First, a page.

KDH: Clarity, the journey, the struggles, things like that. And then musically, he was just unaware, nothing really to say except “I liked it, I didn’t like it.”

BW: Justin would come in with a whole song, which still blows my mind –

KDH: Just a lyric sheet, which he wrote overnight –

BW: He would just come in with two or three songs sometimes and be like, “okay, let’s try these, guys.”

KDH: So much of the time we spent in the room together was music because when Justin writes a song, it takes us a few hours to figure out how we’re actually going to do it. So Jerry would just leave. He’d be like, “Okay, cool, I’ll come back at the end of the day and see what you have.”

BW: And he would come back and we would play the song again for him and he would say, “Justin, I want to be honest. I didn’t like that song when you first played it. I hated it. But now, I think I like it. Keep working on it.” And it’s the one song in the show that hasn’t changed throughout the process.

KDH: Justin as a playwright is so gracious and loving; he is so willing to listen. As of now, I’ve been playing Siren for over two years. Sometimes, I’ll get a text from him in the middle of the night that says, “How would Siren say this? Here are the big words, how would she use them in a sentence?” or, “Does Siren feel this or does she feel that? How does Siren feel today?” He wants us to have opinions. Justin’s writing it. but a lot of the things in the script are things that have come out of our mouths –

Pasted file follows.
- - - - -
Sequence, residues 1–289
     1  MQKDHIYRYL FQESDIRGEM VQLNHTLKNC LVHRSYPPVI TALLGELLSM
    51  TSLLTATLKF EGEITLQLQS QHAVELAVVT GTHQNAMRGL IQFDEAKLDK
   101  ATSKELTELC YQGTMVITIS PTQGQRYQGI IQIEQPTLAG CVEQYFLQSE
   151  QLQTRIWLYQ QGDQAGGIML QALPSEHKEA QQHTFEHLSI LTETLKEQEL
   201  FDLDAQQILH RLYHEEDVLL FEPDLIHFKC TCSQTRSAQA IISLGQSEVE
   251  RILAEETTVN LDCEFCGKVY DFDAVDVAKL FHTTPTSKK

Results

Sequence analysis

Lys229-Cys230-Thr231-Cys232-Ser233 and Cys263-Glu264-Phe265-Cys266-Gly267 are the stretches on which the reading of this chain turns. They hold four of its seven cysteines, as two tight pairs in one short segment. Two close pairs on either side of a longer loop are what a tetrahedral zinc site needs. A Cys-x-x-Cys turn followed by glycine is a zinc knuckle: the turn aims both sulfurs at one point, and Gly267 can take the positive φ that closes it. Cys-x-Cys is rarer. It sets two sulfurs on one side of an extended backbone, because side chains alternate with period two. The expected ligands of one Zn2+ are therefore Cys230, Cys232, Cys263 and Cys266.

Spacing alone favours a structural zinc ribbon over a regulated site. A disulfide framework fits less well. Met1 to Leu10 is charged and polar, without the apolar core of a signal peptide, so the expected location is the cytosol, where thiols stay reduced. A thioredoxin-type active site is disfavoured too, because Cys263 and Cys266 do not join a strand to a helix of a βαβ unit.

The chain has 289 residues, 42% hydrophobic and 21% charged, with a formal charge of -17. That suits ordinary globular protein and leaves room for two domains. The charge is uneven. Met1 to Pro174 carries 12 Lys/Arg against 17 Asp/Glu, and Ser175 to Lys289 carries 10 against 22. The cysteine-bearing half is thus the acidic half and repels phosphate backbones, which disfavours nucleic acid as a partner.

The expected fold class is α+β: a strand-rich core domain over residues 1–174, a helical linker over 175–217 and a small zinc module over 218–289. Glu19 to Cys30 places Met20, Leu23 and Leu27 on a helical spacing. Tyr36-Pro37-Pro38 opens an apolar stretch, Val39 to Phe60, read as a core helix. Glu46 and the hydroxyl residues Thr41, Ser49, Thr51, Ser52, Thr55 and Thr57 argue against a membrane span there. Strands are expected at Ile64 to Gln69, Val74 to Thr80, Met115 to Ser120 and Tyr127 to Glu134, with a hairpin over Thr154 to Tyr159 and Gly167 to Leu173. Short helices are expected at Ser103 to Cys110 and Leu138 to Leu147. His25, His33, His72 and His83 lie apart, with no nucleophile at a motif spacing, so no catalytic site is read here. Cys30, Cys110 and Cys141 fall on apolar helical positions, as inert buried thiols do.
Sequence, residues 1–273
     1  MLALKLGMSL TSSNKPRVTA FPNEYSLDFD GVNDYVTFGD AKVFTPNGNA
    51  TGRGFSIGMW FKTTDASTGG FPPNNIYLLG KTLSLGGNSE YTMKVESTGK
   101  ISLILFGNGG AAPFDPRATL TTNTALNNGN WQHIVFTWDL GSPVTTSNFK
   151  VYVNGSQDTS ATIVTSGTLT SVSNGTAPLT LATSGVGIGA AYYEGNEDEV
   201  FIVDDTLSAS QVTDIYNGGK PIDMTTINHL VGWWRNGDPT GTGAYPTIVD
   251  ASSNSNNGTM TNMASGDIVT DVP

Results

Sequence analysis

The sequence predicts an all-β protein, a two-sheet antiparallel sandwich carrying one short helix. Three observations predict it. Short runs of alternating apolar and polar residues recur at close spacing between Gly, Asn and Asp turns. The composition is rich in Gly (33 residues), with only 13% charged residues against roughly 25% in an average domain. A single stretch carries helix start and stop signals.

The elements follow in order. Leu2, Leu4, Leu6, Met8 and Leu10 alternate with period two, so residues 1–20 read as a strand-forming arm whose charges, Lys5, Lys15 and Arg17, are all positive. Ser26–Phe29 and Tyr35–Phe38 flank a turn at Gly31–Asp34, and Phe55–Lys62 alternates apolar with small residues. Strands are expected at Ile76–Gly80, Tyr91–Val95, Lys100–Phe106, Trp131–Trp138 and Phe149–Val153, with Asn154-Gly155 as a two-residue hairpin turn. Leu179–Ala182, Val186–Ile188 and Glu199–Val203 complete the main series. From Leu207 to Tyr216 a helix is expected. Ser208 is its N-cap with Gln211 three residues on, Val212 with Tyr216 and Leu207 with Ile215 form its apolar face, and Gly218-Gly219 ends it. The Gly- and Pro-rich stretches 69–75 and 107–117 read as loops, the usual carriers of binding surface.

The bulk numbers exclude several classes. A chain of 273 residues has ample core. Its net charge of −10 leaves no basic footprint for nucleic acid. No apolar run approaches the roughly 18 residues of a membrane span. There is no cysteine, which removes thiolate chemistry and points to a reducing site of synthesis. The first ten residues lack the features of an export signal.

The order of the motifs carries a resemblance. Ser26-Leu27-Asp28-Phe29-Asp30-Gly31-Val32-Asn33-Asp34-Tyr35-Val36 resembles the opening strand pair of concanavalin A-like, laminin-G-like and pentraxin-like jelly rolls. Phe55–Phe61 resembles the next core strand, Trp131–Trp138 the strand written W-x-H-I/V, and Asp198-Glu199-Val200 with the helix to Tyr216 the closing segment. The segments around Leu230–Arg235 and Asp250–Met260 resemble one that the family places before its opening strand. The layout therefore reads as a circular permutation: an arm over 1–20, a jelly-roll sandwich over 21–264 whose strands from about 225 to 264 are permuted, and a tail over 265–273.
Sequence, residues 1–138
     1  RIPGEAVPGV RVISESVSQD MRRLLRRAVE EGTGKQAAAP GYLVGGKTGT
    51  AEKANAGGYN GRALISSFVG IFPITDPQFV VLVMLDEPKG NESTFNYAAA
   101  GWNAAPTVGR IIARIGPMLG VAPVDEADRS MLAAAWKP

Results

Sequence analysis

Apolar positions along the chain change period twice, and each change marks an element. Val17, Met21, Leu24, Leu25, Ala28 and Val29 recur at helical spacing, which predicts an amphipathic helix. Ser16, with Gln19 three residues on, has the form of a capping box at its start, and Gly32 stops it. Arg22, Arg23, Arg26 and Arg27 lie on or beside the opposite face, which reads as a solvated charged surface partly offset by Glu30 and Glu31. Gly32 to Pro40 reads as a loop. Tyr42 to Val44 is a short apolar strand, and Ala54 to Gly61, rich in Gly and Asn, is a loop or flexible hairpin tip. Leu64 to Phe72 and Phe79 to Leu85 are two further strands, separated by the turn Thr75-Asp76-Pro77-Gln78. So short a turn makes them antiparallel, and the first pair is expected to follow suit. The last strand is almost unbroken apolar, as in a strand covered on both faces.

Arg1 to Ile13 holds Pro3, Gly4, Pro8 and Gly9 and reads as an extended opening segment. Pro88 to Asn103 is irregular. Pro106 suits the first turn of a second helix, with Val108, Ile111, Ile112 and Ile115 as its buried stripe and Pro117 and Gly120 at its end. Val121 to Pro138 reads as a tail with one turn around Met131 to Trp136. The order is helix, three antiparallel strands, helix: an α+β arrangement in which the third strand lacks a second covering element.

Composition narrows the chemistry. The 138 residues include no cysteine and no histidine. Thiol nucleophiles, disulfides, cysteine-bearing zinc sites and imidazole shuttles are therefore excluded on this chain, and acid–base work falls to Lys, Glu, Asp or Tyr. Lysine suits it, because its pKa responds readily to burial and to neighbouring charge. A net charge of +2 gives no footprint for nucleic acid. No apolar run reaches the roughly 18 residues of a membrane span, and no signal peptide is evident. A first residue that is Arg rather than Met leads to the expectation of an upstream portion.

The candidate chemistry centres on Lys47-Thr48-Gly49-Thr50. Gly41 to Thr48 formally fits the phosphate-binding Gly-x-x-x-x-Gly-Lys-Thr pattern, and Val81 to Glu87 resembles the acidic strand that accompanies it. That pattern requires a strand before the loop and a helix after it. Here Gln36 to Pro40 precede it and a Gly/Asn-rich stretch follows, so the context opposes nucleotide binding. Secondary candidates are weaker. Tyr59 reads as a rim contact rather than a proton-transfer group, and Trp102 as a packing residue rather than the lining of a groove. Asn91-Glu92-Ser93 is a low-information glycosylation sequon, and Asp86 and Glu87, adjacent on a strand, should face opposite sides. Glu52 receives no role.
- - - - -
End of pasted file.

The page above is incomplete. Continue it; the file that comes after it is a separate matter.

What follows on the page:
BW: Every single person in the rehearsal room –

KDH: Has added to the script –

BW: From our stage manager to the director, assistant director, all of us.

KDH: There are things that Bill would say jokingly and then the next day those lines would be in the fight scene. Sometimes I’ll text Justin things such as…“But what if her monologue was like this,” just spouting off a bunch of sentences that make no sense, and then the next day, my random spouting of words is actually a monologue. It’s awesome.  He’s so smart. He listens to us.

KL: How would you describe the genre? What is this thing that you’re creating?

BW: I think it’s a hybrid; it’s not allowing itself to be set in anything. It’s borrowing all of the good stuff from what’s already out there, and then elbowing someone and being like “Hey, what do you think this is?”

KDH: Siren doesn’t really speak or do anything much for the first 30 minutes.  I stand and I watch. And every time I learn something new about what this show is. I think that it is part sitcom, part comic book, part Cartoon Network, part Nickelodeon’s Are You Afraid of the Dark, part musical – but a musical like Once or Spring Awakening, part rock show, part naturalism.

It doesn’t take itself too seriously but the characters are very serious about what’s going on, so it’s not a spoof on itself. We’re not trying to make fun of any genre. We’re taking all of those genres very seriously and just doing them all together at the same time. I feel like he’s created a new genre because it is a play, it’s a serious play, it’s a scary play, it’s a comedy, it’s a musical, it’s a love story, it’s a villain and a superhero, it’s a movie, it’s theatre.

Lizard Boy is now playing in the Leo K. Theatre through May 2.